Colonic Electrical Stimulation for Constipation
Physiology of Colon Motility
Colon motility is complex and difficult to characterize. It is featured with individual contractions and giant migrating contractions. The individual contraction can be classified as short duration (15 s) or long duration (40–60 s) and is without dominant frequencies (70). The giant migrating contractions occur only once or twice daily and are often associated with mass movement along the colon. When convenient, the giant migrating contractions could lead to defecation.
There are slow waves in the colon. Unlike the slow waves in the stomach and small intestine, there is no dominant frequency in the slow waves in the colon. Slow waves oscillate in various frequency bands below 1 Hz or 60 cycles/min. Sometimes, slow waves with different frequencies are superimposed on each other. These complicated features of the colonic slow waves are the basis of the mixed patterns of colon motility that are associated with colon function (storage and water absorption).
Colonic Electrical Stimulation for Constipation
There has been considerable interest in CES, although no commercial products are available for treating constipation by using an implantable device. Two methods have been used for CES: pulse trains at a frequency of 20–50 Hz and repetitive long pulses (a few hundred milliseconds) at a frequency of <1 Hz. In rats, both methods of CES were reported to accelerate colonic transit (71,72). In dogs, pulse train CES was reported to induce colon contractions facilitating mass movement (73) and was more effective than longpulse CES in accelerating colon transit (74). In a preliminary clinical study, longpulse CES was reported to improve evacuation of the colon in patients with colonic inertia (75). More studies are needed before the clinical role of CES for the treatment of constipation can be established. Mechanistically, the accelerative effect of CES on the colon was found to involve the cholinergic pathways (74).
Discussion and Conclusions
Although electrical stimulation of the gastrointestinal tract has been under investigation for more than half a century, the progress has been slow compared with other methods of electrical stimulation, such as vagal nerve stimulation, spinal cord stimulation and deep brain stimulation. In addition to being invasive, one of the other major hindrances is attributed to the fact that gastrointestinal electrical stimulation is directly applied to smooth muscles instead of nerves. Smooth muscles have a large time constant; therefore, much wider or longer pulses are needed for gastrointestinal electrical stimulation than nerve stimulation. Increases in pulse width from microsecond to millisecond dramatically increase energy consumption, making it difficult for the development and application of an implantable pulse generator. The problem can now be resolved with availability of remote charging technologies and even wireless stimulation methods.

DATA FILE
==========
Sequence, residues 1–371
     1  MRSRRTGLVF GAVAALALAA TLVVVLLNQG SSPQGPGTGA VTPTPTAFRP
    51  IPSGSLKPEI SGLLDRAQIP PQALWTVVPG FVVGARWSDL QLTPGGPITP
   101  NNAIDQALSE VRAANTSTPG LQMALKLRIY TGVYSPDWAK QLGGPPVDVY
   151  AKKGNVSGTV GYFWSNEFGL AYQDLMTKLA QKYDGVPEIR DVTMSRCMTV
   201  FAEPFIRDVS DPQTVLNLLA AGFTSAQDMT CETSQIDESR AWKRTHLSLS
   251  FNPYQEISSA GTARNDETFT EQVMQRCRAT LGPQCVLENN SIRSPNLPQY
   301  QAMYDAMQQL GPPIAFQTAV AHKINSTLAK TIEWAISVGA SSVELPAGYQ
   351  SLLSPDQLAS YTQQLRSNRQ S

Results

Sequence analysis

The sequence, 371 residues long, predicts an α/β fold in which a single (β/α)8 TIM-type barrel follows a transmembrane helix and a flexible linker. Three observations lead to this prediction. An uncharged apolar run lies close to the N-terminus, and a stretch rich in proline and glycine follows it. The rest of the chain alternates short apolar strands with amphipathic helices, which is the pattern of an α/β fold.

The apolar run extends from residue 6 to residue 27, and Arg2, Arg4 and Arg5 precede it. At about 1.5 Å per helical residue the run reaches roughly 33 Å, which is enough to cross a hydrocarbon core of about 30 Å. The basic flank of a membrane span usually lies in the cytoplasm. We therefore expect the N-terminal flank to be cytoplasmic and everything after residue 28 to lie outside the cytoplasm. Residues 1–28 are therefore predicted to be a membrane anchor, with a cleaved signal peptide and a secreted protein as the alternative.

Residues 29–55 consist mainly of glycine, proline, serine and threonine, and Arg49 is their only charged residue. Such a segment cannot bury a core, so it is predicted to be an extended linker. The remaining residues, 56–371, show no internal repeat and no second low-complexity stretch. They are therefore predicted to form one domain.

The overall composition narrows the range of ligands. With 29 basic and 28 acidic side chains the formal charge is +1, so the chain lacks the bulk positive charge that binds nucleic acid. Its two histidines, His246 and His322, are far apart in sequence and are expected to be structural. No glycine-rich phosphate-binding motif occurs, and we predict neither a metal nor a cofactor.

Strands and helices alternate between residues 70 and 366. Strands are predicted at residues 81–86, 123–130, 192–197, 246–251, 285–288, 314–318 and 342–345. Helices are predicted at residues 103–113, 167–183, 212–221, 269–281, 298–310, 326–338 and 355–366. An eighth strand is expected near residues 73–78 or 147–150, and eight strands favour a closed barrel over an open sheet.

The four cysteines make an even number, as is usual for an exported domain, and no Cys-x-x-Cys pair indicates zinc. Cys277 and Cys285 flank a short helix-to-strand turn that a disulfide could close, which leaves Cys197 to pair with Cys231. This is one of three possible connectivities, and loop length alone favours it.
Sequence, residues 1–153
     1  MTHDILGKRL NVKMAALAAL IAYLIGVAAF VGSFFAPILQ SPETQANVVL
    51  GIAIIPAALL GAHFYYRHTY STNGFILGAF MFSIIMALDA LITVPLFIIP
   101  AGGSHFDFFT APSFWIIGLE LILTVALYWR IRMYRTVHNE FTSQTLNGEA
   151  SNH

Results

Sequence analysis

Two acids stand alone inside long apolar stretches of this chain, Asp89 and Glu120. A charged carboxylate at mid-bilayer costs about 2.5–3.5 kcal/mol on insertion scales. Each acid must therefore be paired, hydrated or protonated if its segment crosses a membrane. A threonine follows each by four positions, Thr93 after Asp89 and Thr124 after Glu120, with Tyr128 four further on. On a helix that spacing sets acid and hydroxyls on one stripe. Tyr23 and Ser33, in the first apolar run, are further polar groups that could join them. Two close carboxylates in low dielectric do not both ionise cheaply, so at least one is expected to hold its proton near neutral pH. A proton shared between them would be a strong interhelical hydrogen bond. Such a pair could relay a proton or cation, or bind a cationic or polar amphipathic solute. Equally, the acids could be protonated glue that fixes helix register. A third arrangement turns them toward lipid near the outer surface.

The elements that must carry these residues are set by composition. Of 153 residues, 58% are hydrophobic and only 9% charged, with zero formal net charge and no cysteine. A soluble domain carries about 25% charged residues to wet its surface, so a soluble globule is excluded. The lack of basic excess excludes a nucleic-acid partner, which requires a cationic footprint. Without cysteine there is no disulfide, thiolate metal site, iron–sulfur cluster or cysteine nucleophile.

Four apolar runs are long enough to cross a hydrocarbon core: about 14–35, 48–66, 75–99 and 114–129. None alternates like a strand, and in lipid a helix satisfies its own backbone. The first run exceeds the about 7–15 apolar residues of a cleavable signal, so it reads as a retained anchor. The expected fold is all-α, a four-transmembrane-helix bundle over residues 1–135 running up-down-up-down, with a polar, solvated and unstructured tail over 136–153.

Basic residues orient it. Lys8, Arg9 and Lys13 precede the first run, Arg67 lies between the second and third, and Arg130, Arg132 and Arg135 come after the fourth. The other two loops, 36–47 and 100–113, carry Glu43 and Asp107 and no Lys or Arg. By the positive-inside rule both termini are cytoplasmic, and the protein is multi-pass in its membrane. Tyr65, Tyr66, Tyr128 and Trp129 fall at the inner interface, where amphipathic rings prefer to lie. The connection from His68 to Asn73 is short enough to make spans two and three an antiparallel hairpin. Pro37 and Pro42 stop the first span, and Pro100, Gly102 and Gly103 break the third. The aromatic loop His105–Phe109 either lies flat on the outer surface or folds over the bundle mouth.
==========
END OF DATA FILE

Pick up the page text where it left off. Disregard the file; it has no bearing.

Compared to cardiac pacing and electrical nerve stimulation, much less is known about mechanisms of gastrointestinal electrical stimulation. Different from other methods of electrical stimulation, electrical stimulation of the gut involves gastrointestinal smooth muscles and the enteric nervous system in addition to autonomic and central mechanisms. Most of the previous studies investigated the effects of gastrointestinal electrical stimulation on gastrointestinal motility and symptoms; little is known about the cellular mechanisms involving smooth muscles or neural mechanisms involving enteric nerves. More mechanistic studies are necessary to improve methodologies of gastrointestinal electrical stimulation and bring more technologies to the bedside.